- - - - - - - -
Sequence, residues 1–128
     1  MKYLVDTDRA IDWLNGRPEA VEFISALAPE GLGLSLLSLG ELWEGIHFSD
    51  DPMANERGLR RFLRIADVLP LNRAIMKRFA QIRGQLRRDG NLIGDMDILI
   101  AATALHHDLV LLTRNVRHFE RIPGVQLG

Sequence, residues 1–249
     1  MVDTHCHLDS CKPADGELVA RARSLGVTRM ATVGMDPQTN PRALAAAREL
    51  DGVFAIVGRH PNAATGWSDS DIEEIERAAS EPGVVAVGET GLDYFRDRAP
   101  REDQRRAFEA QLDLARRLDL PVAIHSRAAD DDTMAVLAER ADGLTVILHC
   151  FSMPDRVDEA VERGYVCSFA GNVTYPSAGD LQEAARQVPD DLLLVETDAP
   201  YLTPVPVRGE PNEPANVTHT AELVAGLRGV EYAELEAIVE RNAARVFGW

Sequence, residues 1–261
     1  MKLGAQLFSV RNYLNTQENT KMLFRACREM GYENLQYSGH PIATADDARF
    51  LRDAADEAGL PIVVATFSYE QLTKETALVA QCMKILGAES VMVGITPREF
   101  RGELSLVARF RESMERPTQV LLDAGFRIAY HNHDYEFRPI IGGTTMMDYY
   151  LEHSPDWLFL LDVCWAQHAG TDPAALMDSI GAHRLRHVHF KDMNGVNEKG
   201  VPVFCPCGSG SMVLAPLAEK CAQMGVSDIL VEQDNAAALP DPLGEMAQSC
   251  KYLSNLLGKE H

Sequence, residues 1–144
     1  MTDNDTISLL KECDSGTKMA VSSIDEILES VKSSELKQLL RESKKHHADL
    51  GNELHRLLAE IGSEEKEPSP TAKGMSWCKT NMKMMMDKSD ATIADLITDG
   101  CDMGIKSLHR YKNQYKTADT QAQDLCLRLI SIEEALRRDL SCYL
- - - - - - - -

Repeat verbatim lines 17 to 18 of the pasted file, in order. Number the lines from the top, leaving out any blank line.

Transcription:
   251  KYLSNLLGKE H

Sequence, residues 1–144